Instead of letting the close call that led to her hospital admission make you feel responsible for finding a solution, use her hospitalization as evidence that you’re right about her need to take better care of herself. Don’t argue with the fact that the hospital is scary, she feels worse, and treatment will probably not help her. What will help her, you’re sure, is for her to take the lead in figuring out how to prevent this from happening again.

Don’t make yourself responsible for saving your sister, and don’t make her responsible for being more self-aware than her brain can handle. If you can offer her a vision of sobriety, self-control, and safety that you believe will help her, then you’ll stop being her “problem” and start being her map to a solution.

“I can’t stand to watch my sister destroy herself, but I know I have no power to stop her. I will not let frustration, anger, or guilt stop me from urging her to choose a better way, knowing it’s very hard for her to see it.”


Just as I was starting to manage my OCD, my insurance company got my name confused with someone else and stopped paying my doctor and therapist. Now they’re both upset, my OCD has come back full force and I can barely function or go to work. I feel terrible in every way possible. My goal is to figure out how to get my doctors paid so that they can forgive me and I can get them out of this mess.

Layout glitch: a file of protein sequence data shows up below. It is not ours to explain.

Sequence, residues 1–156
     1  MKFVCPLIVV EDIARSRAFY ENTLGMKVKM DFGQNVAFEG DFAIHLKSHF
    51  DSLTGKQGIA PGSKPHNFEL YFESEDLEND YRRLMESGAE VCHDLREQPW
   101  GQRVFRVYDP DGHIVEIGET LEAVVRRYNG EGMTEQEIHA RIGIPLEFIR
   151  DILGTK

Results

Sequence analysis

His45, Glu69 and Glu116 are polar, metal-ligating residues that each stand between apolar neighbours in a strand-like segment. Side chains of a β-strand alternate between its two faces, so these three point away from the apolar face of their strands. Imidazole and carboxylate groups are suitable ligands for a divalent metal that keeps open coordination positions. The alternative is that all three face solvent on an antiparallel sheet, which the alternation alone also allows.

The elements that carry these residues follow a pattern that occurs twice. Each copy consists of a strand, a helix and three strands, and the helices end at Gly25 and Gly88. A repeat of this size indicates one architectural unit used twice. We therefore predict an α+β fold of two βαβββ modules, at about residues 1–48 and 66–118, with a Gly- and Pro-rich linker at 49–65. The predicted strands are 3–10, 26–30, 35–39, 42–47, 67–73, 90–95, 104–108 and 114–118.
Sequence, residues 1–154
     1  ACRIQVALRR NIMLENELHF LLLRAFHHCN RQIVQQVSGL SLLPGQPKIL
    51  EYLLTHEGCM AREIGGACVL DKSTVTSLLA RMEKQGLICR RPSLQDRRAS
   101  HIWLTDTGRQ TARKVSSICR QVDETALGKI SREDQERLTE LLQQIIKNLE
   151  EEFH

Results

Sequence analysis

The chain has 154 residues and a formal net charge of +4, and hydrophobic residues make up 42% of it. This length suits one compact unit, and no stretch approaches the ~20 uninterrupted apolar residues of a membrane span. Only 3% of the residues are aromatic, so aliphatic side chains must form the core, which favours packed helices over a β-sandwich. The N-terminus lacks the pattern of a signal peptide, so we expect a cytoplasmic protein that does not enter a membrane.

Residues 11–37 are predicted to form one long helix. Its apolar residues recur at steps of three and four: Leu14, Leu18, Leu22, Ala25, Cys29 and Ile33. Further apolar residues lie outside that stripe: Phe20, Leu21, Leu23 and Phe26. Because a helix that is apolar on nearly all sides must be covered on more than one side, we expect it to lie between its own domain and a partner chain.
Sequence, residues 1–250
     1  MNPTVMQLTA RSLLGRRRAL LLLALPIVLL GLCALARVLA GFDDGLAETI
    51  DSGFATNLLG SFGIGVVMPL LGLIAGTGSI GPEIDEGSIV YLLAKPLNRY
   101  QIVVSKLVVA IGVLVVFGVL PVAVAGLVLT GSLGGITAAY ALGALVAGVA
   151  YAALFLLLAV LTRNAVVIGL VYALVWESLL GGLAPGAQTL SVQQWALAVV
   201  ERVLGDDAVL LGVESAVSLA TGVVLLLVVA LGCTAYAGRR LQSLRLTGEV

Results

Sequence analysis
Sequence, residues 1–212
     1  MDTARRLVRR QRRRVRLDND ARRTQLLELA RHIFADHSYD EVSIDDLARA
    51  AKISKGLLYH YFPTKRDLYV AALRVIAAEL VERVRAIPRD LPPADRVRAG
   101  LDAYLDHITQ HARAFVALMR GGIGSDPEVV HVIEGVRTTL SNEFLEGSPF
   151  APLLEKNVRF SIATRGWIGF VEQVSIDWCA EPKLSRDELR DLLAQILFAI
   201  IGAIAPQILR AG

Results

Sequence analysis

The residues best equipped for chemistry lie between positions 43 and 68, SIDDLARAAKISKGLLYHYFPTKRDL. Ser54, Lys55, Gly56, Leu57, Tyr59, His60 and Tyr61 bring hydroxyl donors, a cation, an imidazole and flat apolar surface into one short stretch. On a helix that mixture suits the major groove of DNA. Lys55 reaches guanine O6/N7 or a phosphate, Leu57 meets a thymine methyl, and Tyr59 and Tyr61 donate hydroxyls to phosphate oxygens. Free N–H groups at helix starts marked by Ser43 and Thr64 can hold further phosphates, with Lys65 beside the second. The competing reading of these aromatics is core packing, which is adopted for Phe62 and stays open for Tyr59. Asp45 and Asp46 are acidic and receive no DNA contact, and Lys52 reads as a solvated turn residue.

OCD may help you when it’s time to solve difficult problems that need lots of thought, but it tends to give you a one-track mind. Whatever you think about, that’s what’s most important. It’s hard for you to think about two things at once, compare them, and decide which is more important. It makes sense that you’d feel terrible, but focusing on how your doctors must feel terrible isn’t going to help anyone.

What has captured your attention, obviously, is your doctors’ distress at running into an insurance glitch; you instantly feel responsible. That’s nice of you, perhaps, from the doctor’s point of view, but it’s hardly fair to you, your needs, and the responsibility you should properly assign yourself.

As long as you feel responsible for their distress, you can’t help but feel totally helpless, because you’re not an insurance company and can’t be sure that the glitch will be solved. If you step back, however, and ask yourself how much responsibility is properly yours, you won’t have nearly as much to worry about.

Yes, it’s your job to make calls, assert yourself, and, if it doesn’t work, look for ever-higher authorities to speak to, both inside the insurance company and among its regulators, like state government. At the same time, it’s also your job to assure yourself that, by doing so, you’ve met your responsibilities and that life has never been under your control. Meanwhile, if the doctors are distressed, they can go see a doctor themselves.

Of course, let your doctors know about your persistent efforts and hope they’ll stick with you. Assure yourself, however that, come what may, you’ll find ways to get help, meet your responsibilities, and manage your OCD, just as your doctors would want.

“I get worried when I see my doctors, whom I rely on to calm me down, get upset. I know, however, that I’ve managed my responsibilities well and that it’s not my job to worry too much about their feelings. If I work on this billing problem, I will probably be able to solve it.”